Connecting the Unconnected: The Future of Non-Terrestrial Networks (NTNs)


Non-terrestrial networks (NTNs) are communication systems that extend connectivity beyond the reach of traditional terrestrial networks to enable services to underserved communities and remote areas. By transcending the limitations of traditional terrestrial network infrastructure, non-terrestrial networks offer the potential to offer enhanced or previously unavailable services to various use cases including open ocean shipping container monitoring, remote monitoring of oil rigs, and assisting with search and rescue and emergency response.


NTNs are networks or segments of networks that use satellite constellations (GEO/MEO/LEO), airborne vehicles (High-Altitude Platforms or HAPs), and drones to extend the coverage and capacity of terrestrial networks.

By extending coverage beyond terrestrial networks, NTNs provide services to previously underserved and remote areas such as rural communities and sparsely populated islands. NTNs will also be able to offer ubiquitous and reliable connectivity for IoT applications such as tracking vehicles in areas with limited cellular coverage, tracking cargo on ships at sea, and monitoring assets in remote areas.

NTNs also add an additional layer of resilience and redundancy to existing terrestrial networks. In the event of natural disasters or network outages, NTNs provide backup connectivity to ensure continued service for mission-critical communications and applications.

NTN Example #1: Low-Earth Orbit (LEO) Constellations

Companies with LEO satellite constellations, which operate at altitudes ranging from 500 to 1,200 kilometers, have emerged as early NTN leaders. LEO satellites offer faster data transmission, reduced latency, and improved coverage compared to traditional geostationary satellites (GEO). Key players include Iridium, Globalstar, Orbcomm, Starlink, OneWeb, Project Kuiper by Amazon, Telesat, and Planet Labs.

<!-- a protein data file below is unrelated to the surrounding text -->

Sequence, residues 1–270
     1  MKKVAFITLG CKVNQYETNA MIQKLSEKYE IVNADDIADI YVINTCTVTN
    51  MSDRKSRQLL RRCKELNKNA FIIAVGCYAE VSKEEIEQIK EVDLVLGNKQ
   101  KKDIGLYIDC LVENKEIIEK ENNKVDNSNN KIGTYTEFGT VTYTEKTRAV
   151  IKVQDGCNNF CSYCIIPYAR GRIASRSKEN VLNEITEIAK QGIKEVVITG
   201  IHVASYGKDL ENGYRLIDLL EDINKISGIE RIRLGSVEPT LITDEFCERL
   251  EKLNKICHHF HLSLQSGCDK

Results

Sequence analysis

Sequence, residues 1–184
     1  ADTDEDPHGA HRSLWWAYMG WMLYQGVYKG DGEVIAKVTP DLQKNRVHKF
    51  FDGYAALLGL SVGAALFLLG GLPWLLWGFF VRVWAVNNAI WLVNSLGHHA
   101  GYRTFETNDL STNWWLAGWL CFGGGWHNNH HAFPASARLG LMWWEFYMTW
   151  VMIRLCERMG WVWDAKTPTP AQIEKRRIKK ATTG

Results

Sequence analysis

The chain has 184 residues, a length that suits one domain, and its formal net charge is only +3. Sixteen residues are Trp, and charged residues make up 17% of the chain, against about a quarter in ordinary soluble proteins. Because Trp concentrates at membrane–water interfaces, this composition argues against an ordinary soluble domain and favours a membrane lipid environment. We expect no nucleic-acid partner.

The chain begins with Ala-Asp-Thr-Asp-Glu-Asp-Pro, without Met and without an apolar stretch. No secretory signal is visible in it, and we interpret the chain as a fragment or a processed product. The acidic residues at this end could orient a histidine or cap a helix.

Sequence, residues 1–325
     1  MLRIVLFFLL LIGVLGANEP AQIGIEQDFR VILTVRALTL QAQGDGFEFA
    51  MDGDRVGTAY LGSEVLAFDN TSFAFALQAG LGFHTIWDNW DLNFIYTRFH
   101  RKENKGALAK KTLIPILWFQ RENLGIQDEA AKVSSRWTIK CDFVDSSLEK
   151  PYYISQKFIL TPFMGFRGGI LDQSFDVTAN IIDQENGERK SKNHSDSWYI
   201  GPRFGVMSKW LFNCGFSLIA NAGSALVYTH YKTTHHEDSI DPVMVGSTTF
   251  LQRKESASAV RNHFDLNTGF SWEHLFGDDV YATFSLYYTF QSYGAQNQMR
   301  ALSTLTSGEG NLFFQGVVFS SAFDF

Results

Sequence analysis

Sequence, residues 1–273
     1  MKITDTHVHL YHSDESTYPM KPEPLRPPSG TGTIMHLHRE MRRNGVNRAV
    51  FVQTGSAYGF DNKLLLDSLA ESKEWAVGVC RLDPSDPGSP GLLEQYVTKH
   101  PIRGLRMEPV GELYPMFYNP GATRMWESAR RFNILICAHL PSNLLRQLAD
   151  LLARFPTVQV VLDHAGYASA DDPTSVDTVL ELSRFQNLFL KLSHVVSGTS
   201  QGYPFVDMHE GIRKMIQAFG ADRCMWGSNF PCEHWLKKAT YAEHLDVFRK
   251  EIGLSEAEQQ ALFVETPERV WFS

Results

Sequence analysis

The Iridium satellite constellation, which was initially launched in 1997, provides L band voice and data information coverage to satellite phones, satellite messenger communication devices and integrated transceivers, as well as two-way satellite messaging service to supported Android smartphones.

Iridium’s constellation consists of 66 active LEO satellites with additional spares to serve in case of failure. Iridium reached over 2 million subscribers at the start of 2023.

SpaceX’s Starlink

Starlink is a LEO satellite internet constellation which currently consists of over 4,500 satellites which communicate with designated ground transceivers. Starlink plans to deploy nearly 12,000 satellites with a possible later extension to 42,000. Starlink announced in May it had reached 1.5 million subscribers.

NTN Example #2: High-Altitude Platforms (HAPs)

High-Altitude Platforms (HAPs) are aerial systems positioned at altitudes between traditional aircraft and satellites, typically ranging from 20 to 50 kilometers above the Earth’s surface. HAPs serve as a middle ground between satellites and ground-based systems, providing advantages like cost-effectiveness and rapid deployment.

Key players include Airbus (Zephyr solar-powered aerial vehicles), Thales Alenia Space, Lockheed Martin’s HAPMobile subsidiary, AeroVironment, and Stratodynamics Aviation.

Positioning Universal’s NTN View

Positioning Universal continues to monitor NTN activities and has had discussions with numerous emerging IoT connectivity providers to explore ways to improve the performance and cost effectiveness of our services and to consider new services and markets.


Source: Award Solutions